Life with Jesus

Fix It, Jesus

“What was I thinking?” I thought as I stared forlornly into the mirror.

I should have known better than to impulsively stop at the hair salon directly adjacent to the Tom Thumb, still clutching my bag of avocados. I was hoping for a cute haircut before I left on my 10th anniversary weekend trip.

298d0ac500000578-3120761-image-m-11_1434061475138Instead, I got a mullet.

“Do you see this tail?!” I wailed as I grasped a section at the back of my head that was longer than the mushroom she had coiffed at the front. “Please cut off the tail!”

She trimmed the tail and pronounced it was done and it looked great. I was too distraught and distrustful that she could fix it to really ask her to cut anymore so I paid her and walked out to the car, put my head on my steering wheel,  and cried. It was a mushroom with a tail, akin to a shorter version of a Carol Brady hairdo.

Bad haircuts are rough, man. Usually, you didn’t ask for them and, unless you’re very lucky, you can’t hide it. You just have to let them grow out naturally. The only way to solve it is to stop cutting for a while. Take a break! Let those hair follicles solve your mullet problem. You can’t rush it.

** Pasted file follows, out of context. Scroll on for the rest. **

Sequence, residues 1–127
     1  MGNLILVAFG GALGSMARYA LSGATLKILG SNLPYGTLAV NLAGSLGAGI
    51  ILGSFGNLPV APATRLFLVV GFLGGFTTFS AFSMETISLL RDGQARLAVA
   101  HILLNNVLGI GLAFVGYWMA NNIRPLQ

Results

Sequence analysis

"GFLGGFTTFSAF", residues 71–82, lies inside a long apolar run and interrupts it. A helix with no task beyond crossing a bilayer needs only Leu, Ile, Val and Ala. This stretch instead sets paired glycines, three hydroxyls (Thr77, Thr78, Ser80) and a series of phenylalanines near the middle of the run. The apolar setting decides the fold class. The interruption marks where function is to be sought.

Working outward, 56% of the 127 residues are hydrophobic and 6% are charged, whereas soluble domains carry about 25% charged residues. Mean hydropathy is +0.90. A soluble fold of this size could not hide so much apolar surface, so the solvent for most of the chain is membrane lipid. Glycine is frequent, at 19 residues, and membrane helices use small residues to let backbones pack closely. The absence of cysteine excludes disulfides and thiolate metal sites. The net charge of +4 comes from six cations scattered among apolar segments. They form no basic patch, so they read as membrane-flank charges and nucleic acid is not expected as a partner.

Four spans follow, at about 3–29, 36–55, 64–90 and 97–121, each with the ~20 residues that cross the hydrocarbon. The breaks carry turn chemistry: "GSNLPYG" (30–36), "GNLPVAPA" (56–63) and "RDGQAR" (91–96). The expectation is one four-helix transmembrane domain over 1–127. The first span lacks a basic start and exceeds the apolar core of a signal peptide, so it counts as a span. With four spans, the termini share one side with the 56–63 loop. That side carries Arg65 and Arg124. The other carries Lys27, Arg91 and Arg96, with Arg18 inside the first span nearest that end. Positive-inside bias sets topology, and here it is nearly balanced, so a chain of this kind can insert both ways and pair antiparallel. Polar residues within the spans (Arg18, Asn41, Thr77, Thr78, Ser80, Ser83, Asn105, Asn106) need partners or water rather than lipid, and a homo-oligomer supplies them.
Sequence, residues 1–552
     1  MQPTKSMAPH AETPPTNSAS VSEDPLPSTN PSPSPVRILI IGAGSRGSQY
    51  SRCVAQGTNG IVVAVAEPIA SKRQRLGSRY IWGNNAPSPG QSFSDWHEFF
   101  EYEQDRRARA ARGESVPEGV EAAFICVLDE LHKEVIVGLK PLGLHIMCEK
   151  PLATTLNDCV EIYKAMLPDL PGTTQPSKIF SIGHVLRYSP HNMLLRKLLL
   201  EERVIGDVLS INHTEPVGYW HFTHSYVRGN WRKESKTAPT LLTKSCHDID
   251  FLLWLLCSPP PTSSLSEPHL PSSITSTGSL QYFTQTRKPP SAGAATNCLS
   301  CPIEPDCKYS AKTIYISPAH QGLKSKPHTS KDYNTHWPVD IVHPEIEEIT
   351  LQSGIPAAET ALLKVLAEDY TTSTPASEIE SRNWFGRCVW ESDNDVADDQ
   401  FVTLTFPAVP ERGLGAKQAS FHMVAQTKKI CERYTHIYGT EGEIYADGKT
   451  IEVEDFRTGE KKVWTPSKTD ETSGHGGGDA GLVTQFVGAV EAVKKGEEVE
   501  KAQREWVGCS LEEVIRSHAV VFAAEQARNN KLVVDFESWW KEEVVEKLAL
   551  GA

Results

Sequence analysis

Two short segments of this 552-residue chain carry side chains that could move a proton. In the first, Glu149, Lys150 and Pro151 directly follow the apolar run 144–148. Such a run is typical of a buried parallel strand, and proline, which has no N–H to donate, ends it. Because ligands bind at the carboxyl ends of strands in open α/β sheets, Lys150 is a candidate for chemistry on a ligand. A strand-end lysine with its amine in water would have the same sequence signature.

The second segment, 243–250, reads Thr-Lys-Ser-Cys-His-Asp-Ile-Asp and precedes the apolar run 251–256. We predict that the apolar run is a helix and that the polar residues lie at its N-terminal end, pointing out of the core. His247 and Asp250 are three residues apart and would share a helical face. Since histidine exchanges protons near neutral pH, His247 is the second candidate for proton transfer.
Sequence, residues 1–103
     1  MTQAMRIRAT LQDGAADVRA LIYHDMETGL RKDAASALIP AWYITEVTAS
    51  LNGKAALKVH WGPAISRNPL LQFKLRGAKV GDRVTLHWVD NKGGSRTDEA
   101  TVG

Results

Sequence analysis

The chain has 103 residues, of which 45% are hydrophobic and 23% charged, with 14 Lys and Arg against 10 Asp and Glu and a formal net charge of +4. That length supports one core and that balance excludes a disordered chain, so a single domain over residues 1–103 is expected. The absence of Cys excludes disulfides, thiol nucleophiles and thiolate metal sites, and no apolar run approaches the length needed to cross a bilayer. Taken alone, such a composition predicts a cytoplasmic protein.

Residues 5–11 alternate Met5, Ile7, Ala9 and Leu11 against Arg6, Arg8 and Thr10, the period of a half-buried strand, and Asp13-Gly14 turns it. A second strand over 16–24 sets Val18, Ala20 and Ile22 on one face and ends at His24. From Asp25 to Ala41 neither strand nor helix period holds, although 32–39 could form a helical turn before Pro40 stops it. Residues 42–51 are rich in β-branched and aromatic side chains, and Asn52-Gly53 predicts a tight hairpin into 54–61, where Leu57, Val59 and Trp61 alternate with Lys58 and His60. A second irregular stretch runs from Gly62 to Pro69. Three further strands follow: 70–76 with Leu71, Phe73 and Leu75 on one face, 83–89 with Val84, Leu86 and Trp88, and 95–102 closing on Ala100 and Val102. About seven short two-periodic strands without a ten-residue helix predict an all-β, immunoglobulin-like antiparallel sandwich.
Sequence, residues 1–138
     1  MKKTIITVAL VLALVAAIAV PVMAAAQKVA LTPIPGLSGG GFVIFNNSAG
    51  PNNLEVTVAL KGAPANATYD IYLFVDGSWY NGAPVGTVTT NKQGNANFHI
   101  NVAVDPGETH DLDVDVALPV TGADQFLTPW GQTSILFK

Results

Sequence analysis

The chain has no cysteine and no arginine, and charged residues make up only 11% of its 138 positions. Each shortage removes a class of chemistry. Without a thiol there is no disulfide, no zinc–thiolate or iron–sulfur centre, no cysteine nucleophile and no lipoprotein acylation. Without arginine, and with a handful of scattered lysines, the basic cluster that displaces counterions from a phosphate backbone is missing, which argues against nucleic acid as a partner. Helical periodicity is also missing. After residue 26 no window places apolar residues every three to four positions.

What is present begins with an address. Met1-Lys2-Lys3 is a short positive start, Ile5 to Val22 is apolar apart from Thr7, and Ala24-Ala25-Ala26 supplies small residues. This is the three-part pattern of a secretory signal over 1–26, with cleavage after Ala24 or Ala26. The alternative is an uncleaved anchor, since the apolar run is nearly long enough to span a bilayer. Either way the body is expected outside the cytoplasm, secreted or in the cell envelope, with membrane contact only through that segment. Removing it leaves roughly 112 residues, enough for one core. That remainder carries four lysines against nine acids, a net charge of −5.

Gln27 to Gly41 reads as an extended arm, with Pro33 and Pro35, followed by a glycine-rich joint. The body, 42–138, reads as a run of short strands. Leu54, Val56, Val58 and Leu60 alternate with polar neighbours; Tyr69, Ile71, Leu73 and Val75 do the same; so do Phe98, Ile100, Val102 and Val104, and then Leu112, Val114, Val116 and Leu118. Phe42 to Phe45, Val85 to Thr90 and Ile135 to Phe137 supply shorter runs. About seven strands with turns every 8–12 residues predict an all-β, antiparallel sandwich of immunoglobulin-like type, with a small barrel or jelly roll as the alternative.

There’s been an uptick in my spiritual interest lately. For a long time, I deconstructed and then wasn’t much interested in constructing again. It was almost like I just needed a break, a detox period, a length of time to let my proverbial and spiritual hair grow out.

You see, if I liken the faith of my childhood to my bad haircut, it makes sense to me. The systems of power and theology that were forming my faith had been snipping and shaping my faith for years. As a kid, you don’t know any better. Literally.  Your mom tells the hairdresser, “Give her a haircut that is literally in the shape of a bowl” and you’re like, “YAY! CARTOOONZ and LOLIPOPZ!” And then you walk around looking like an idiot with a bowl on your head and your family has the pictures to prove it.


(In her defense, I had absentmindedly chopped off my own hair and stuffed it behind a pillow on my grandmother’s couch while watching Sesame Street so this was a rescue haircut).

Same with faith. I certainly wasn’t taught to think critically about faith or the Bible when I was a kid. If anything, the expectation is that you believe it hook, line, and sinker or you’re a sinner. Without really knowing any better, my faith was coiffed into something more like a mullet than a stylish cut because I didn’t know I had a choice and the mirror was covered.

Substitutionary atonement? Sure. snip

There are certain classes of people that are exempt from the “love your enemies” command (gay, Muslim, Democrats)? Sure. snip

Church is run by men and you sit in a pew and shut your mouth? Sure. snip

You have to do quiet time and be good and never sin or God will be mad at you? Sure. snip

The Bible has to be factually, historically true or our faith crumbles and we all die? Sure. snip